What a mix of zeal and error at this church! Antipas had stood firm in faith to the point of death, yet others within the same fellowship were promoting unscriptural teaching.
A number of commentators understand the conjunction which begins Revelation 1:15 as an indication of an emphatic comparison made between Balaam and the Nicolaitans.1 It is thought that the doctrine of the Nicolaitans may have promoted licentiousness, in common with that of Balaam. Both are treated in our discussion of the Nicolaitans.
The teaching of Balaam was encouragement of corruption by intermarriage resulting in fornication and idolatry. No doubt in the city of Pergamum intermarriage with the pagan world was a real problem. Because civil and religious life were so intertwined, for believers to accept social engagements probably meant some involvement with paganism.2stumbling block
This warping aspect of ungodly desire is in view when Paul writes to the believers in Rome telling them to reckon yourselves dead indeed to sin (Rom. Rom. 6:10), for they had died with Christ (Rom. Rom. 6:8). The believer is to be dead to sin: dead things do not respond to stimulus. It is by stimulus of our ungodly desires that Satan and our flesh achieve their most damaging results. Satan is a master at providing what we desire, be it status, wealth, or a host of other wants so long as he is successful at getting us to compromise and participate in an ungodly activity.
Jesus did not succumb to the tempter because there was nothing within the desire of Jesus that was outside of the will of the Father (John John 14:30). Therefore, Satan lacked a handle by which he could manipulate the Son of God (Mtt. Mat. 4:3). Jesus warns us not to be the instrument by which bait is placed (Mtt. Mat. 18:7). Even our Christian liberty can become a stumbling block for others (1Cor. 1Cor. 8:9).
things sacrificed to idols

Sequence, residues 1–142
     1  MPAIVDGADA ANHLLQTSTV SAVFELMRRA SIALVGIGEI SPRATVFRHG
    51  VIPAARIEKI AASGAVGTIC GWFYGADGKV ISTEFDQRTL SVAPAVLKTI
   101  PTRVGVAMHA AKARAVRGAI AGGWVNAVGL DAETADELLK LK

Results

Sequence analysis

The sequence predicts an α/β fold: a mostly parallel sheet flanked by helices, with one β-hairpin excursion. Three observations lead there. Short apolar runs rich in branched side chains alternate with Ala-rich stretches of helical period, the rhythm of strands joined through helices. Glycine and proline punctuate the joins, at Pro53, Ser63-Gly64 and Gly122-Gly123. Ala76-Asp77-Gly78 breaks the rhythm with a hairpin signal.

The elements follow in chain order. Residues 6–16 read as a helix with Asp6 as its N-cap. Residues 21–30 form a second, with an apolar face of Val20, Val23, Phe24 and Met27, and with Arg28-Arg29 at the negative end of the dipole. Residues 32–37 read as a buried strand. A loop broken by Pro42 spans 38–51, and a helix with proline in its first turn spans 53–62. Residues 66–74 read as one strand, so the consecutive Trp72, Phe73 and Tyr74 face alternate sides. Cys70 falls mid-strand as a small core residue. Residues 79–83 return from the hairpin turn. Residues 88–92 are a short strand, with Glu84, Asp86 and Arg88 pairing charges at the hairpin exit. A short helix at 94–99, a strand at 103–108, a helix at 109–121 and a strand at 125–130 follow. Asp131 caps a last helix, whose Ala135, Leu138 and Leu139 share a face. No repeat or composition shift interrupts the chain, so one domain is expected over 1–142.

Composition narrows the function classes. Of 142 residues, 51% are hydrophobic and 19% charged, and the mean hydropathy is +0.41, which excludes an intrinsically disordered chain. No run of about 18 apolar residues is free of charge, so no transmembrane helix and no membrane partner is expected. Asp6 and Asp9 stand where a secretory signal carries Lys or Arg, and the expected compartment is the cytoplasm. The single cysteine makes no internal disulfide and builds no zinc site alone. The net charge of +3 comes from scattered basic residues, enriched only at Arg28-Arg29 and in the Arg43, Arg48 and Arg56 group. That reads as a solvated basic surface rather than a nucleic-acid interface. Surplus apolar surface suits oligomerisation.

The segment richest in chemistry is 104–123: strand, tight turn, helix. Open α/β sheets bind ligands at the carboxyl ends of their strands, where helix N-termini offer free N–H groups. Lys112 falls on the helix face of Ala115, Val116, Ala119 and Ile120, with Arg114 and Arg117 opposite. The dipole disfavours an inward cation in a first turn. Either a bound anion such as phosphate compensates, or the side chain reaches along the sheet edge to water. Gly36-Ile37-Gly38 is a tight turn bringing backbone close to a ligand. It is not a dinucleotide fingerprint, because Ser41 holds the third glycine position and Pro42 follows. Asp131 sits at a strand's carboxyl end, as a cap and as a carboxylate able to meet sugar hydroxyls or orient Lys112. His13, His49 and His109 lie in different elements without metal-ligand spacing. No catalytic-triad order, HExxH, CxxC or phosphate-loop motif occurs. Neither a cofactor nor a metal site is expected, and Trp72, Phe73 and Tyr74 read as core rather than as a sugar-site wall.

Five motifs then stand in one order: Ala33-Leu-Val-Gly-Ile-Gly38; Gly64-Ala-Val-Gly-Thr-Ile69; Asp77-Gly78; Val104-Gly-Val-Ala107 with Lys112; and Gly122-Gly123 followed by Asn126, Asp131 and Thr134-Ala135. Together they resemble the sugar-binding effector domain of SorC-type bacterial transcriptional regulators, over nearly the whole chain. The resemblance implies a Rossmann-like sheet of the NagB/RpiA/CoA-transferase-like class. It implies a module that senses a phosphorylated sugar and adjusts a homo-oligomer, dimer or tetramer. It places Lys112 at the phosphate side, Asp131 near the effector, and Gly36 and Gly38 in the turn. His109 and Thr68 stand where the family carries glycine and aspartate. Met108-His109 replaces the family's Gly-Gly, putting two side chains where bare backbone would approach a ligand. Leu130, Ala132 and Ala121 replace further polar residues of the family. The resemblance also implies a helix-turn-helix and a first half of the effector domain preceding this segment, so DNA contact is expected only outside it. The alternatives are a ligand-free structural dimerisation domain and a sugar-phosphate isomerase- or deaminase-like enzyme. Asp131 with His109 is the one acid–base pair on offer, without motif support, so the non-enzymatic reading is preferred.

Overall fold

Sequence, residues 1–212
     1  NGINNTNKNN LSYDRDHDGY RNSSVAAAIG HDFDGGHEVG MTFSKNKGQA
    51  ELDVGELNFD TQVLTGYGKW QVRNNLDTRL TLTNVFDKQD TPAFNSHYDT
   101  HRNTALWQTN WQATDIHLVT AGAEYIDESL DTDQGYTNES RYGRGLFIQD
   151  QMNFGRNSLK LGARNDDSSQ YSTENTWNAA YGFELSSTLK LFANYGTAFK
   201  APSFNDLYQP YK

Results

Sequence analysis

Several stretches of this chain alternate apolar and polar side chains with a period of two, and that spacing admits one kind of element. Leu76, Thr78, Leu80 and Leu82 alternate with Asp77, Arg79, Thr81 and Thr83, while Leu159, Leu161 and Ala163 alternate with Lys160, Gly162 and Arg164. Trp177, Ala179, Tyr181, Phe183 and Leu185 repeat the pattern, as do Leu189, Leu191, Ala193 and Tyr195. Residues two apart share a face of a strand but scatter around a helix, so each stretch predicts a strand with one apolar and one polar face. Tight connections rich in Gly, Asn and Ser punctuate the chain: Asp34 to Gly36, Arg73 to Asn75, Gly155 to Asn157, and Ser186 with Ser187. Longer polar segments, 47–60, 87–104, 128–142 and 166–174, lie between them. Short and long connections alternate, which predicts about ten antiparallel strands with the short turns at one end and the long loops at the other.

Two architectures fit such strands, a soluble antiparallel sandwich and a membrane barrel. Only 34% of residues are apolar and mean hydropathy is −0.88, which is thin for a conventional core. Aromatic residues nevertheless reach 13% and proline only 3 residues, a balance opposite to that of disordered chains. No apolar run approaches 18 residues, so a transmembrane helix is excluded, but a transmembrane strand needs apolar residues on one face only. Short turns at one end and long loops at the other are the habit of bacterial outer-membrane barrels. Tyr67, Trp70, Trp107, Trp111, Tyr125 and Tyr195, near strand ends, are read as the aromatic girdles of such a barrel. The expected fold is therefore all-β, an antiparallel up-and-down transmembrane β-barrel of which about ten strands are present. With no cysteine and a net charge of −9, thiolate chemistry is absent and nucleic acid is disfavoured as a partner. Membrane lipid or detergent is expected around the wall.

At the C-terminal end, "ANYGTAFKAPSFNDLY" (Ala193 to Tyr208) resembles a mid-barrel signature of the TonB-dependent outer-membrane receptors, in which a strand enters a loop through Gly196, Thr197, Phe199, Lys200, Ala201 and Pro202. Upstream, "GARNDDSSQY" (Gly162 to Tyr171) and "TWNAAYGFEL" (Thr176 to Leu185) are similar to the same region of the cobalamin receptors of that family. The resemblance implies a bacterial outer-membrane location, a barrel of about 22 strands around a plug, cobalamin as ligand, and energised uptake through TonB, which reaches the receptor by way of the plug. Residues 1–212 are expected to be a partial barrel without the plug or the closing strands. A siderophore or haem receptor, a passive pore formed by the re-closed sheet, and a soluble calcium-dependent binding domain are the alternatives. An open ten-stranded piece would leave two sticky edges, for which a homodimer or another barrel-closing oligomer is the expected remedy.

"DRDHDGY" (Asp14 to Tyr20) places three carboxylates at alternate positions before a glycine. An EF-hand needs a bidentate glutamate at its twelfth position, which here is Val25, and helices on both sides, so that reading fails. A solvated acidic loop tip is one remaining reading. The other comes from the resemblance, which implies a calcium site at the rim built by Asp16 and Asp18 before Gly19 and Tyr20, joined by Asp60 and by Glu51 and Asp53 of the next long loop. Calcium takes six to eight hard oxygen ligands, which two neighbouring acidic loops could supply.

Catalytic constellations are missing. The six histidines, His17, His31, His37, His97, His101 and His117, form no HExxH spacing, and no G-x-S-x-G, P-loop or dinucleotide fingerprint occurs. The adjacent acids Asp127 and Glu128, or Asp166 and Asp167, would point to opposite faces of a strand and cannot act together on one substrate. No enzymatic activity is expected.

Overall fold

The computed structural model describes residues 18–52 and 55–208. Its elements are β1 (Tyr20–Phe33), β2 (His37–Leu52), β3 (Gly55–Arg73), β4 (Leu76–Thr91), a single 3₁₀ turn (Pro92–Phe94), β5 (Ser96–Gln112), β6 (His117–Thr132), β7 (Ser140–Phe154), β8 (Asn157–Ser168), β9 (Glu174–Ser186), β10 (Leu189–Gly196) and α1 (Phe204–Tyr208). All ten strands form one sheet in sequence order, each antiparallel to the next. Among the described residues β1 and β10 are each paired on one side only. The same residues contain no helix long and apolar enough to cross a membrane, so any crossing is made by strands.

Εἰδωλόθυτα [Eidōlothyta] refers to sacrificial meat, part of which was burned on the altar, part was eaten at a solemn meal in the temple, and part was sold in the market for home use.4 This message was mainly to Gentile converts at Pergamum since Judaism prohibited this practice (Num. Num. 25:2; Ps. Ps. 106:28; Dan. Dan. 1:8). The church at Pergamum was integrated into the culture, rather than being set apart.
[Christians] were expected to pay their dues to trade guilds by attending annual dinners held in honor of the guilds patron deities. Homage to the emperor as divine was included along with worship of such local deities.5The dietary restrictions imposed upon Gentiles by the Jerusalem Council (Acts Acts 15:20, Acts 15:29) were out of concern for retaining Gentile fellowship with Jewish believers. Paul allows such meat sacrificed to idols to be eaten (1Cor. 1Cor. 8:7; 1Cor. 10:18-33), but only when it does not cause offense to brothers. Here the issue was one of compromising the witness of the church within the pagan culture and partaking of pagan practices which were associated with such banquets. These dinners included the eating of meat sacrificed to idols as well as licentious behavior. See Worldly Churches.
to commit sexual immorality
Πορνεῦσαι [Porneusai] : To give ones self to unlawful sexual intercourse.6 This may have referred either to physical relations connected with the pagan feasts or be a description of the idolatry practiced by the church at Pergamum which participated in pagan ritual.
1 What is the point of the emphatic comparison (ου῝τως . . . καὶ σύ . . . ὁμοίως [houtōs . . . kai sy . . . homoiōs] ) between Balaam and the Nicolaitans?Colin J. Hemer, The Letters to the Seven Churches of Asia in Their Local Setting (Grand Rapids, MI: William B. Eerdmans Publishing Company, 1989), 88.
3 Richard Chenevix Trench, Commentary on the Epistles to the Seven Churches in Asia (Eugene, OR: Wipf and Stock Publishers, 1861), 118.
4 Frederick William Danker and Walter Bauer, A Greek-English Lexicon of the New Testament and Other Early Christian Literature (Chicago, IL: University of Chicago Press, 2000).
5 Gregory K. Beale, The Book of Revelation: A Commentary on the Greek Text (Grand Rapids, MI: William B. Eerdmans Publishing Co., 1999), 30.